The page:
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The Three Sounds: Groovin' Hard: Live At The Penthouse 1964-1968

Read "Groovin' Hard: Live At The Penthouse 1964-1968" reviewed by Dan McClenaghan

The old tapes hide in the archives, deep in the dark corners of record company closets, and even the occasional back yard tool shed--Hal Schaefer's How Do You Like this Piano Playing (Summit Records, 2009). Finding and bringing these lost treasures to the listening public seems to have turned into an industry of its own. And praise be the effort. The year 2016 alone saw the releases of newly discovered gems by pianists Bill Evans, with Some Other Time, (Resonance ...

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Three Sounds: Groovin’ Hard - Live at the Penthouse 1964 - 1968

Read "Groovin’ Hard - Live at the Penthouse 1964 - 1968" reviewed by C. Michael Bailey

Pianist Gene Harris was a durable jazz force from the beginning of his career as leader of the soul-jazz trio, The Three Sounds in the mid-1950s until his death in 2000. He described himself as “a blues pianist with chops" and that is as good a description as can be had. He had a piano style full of Count Basie and seasoned with Art Tatum (never too much of the latter to make his playing sound superfluous of showy}}.

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Gene Harris Quartet: Another Night In London

Read "Another Night In London" reviewed by C. Michael Bailey

Pianist Eric Reed once described Gene Harris (1933-2000) thusly, “Gene Harris = Power!" Harris often described himself as “a blues pianist with chops." And what chops those were. In his nearly 50- year career, Harris never veered from his soulful, blues-oriented approach to making music. If Bill Evans could be considered a master of the jazz ballad, then Harris was his counterpart in the sturdy 12-bar jazz mainstay. If music can smile, Gene Harris' would beam.

In 2008 Resonance Records ...

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Gene Harris: Live in London

Read "Live in London" reviewed by Jim Santella

A never-before-release can be of great value or it can be entirely forgettable. This live session from London, featuring veteran pianist Gene Harris with a stellar quartet, stands with the former. It's a valuable watermark of his career that demonstrates the feeling that went into every performance and is what led sources such as the All Music Guide to label his style as soul-jazz. It's there for all to experience, and if one does not get to some foot-tapping and ...

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Gene Harris: Live in London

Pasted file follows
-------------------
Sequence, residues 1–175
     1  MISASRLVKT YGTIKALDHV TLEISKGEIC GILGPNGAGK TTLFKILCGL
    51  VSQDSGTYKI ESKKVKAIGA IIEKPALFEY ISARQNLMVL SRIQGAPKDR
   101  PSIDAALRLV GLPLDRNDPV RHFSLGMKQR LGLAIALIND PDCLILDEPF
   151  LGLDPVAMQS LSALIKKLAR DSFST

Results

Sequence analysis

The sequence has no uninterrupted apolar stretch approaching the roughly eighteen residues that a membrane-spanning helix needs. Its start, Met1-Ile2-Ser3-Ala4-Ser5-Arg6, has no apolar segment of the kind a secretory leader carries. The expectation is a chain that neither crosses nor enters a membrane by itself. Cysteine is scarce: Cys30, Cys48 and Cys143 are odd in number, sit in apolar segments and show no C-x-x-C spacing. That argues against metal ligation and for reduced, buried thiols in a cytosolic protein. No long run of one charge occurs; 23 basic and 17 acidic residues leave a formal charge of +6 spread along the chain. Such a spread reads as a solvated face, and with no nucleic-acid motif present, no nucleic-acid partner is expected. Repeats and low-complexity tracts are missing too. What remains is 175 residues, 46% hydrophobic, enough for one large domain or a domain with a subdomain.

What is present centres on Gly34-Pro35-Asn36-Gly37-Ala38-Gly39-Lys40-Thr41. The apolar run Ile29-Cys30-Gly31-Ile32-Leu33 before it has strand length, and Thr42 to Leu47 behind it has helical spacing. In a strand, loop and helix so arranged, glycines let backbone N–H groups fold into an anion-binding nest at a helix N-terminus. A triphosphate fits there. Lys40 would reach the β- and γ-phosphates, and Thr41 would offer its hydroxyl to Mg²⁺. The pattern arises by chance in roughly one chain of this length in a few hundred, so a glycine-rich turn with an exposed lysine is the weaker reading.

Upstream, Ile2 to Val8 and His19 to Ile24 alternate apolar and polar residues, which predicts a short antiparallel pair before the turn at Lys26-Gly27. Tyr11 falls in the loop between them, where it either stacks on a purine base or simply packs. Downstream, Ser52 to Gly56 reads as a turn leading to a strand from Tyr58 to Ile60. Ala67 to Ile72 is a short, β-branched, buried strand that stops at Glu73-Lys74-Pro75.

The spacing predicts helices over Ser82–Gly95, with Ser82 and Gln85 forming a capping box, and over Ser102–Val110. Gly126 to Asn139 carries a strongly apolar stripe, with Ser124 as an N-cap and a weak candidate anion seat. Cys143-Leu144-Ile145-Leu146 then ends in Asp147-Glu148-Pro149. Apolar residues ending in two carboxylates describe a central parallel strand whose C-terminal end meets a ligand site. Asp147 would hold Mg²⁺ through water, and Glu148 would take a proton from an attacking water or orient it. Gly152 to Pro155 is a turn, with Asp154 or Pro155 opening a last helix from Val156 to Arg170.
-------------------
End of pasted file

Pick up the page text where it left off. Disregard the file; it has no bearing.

Read "Live in London" reviewed by C. Michael Bailey

Gene Harris (1933-2000) was the master of blues in jazz. A self-proclaimed “blues pianist with chops," Harris could sting the most un-blues-like melody and make it sound like it was written by Meade Lux Lewis and performed by Oscar Peterson. Since Harris' death in 2000, posthumous releases of previously unreleased performances have been steady but sparse. These include: Live at Otter Crest (Concord Jazz, 2001), Instant Party (Concord Jazz, 2004), and now Live in London.

Documenting a 1996 ...

BUILDING A JAZZ LIBRARY

Gene Harris

Read "Gene Harris" reviewed by C. Michael Bailey

Gene Harris (1933-2000) can safely be termed the most serious populist jazz musician to perform in the last 50 years. He is among the most accessible and amiable of jazz pianists, who focused his superior command of the blues and ballads to produce some of the most enduring and enlightening jazz music ever. For these reasons, Mr. Harris has been largely overlooked and underestimated as driving force in jazz. For the uninitiated, this driving force was God in Mr. Harris' ...

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Gene Harris/Scott Hamilton Quintet: At Last

Read "At Last" reviewed by John Kelman

As part of Concord Records’ programme to release classic recordings on hybrid Super Audio CD (SACD) comes At Last , a 1990 session that finally realized pianist Gene Harris’ wish to record with tenor saxophonist Scott Hamilton. For fans of mainstream jazz that leans to the West Coast sound, this is a fine record that swings comfortably; safe, but full of life.

Harris, who has released over thirty-five recordings as a leader and over seventy as a sideman, has an ...


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